Reading my FB feeds brought this all back to me. I see posts about the situation at Standing Rock, about people should post their location as Standing Rock to confuse the police. I see memes going around expressing political opinions, and loads of sharing from hyper-partisan, non-journalistic sites. As I’m up early due to a headache, seeing this leads me to post the following reminders:

  1. Facebook is not the world. Police do not have the time to monitor everyone’s FB feed to determine who is where and who to arrest. Showing your location as someplace in solidarity with an action does not benefit those you are supporting. Similarly, liking or sharing positions pieces is only benefitting the “likes” of someone you don’t know. It is often a trick to entice you.
  2. Just because text goes around on top of an image doesn’t make it true. Anyone can claim something is a quote or a statement, pop it on an image, and people will believe it. Don’t keep circulating those, no matter how enticing. Confirm (or double confirm) anything you read, focusing on confirmation from well-known broadcast and print media, and especially international and multiple sources.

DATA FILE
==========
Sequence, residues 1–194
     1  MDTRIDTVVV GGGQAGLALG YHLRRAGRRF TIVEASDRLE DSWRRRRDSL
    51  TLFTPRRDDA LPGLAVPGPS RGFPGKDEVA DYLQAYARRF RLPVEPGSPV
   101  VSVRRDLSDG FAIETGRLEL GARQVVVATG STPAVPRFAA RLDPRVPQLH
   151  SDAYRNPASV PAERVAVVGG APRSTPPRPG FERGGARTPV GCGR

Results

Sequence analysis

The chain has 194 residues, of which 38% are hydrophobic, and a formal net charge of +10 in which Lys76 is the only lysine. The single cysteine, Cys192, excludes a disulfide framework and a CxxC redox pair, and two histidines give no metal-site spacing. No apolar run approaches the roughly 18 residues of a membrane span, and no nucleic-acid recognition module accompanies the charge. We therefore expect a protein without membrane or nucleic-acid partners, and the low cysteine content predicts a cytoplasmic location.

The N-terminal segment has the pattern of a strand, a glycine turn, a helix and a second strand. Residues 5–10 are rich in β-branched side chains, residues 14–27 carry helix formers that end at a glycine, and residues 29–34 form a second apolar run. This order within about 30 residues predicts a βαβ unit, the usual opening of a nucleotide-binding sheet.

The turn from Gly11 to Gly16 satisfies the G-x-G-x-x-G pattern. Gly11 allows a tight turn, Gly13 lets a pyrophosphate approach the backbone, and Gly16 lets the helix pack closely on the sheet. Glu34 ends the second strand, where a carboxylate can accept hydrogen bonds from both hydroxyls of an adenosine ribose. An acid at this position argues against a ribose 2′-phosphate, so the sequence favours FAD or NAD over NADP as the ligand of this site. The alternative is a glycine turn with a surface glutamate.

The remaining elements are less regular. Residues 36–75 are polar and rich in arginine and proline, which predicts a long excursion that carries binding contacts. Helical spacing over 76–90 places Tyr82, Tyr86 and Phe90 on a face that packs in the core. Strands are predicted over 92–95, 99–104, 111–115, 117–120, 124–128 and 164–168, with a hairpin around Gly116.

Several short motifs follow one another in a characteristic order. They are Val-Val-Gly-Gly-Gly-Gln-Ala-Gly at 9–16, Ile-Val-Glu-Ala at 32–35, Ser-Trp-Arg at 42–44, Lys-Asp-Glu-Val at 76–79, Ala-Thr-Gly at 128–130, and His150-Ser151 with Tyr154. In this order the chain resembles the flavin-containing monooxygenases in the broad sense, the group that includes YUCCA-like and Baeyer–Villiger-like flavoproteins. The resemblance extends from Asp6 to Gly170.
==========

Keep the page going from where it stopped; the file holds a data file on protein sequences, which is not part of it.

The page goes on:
3. Recognize satire sites. If it is from The Onion, Andy Borowitz at the New Yorker, or a number of other sites, it is likely not true. Very likely.
  4. Recognize partisan sites. Many of the sites that pose as news these days — e.g., Occupy Democrats, Partisan Report, Red State Blue State — spread news in a hyperpartisan manner. Don’t repeat what they say, you only make it worse. This article has a good summary of such sites from the progressive side; On the conservative site, such sites include Breitbart News, Wall Street Journal (oh, how the mighty have fallen), NY Post, and I’m sure there are more. Again, always double or triple confirm what you read.
  5. Remember that if you see it on the Internet, there is no guarantee that it is true. People can make up anything and easily make it look real. Confirm everything before you reshare or react.
  6. Facts are non-partisan. Do not believe the innuendo regarding the fact checking sites. Snopes,, and such are not partisan mouthpieces — they call out all sides for incorrect use of facts.

We have just about a week to go in this election. As you see all the mud being slung, ask yourself the following questions: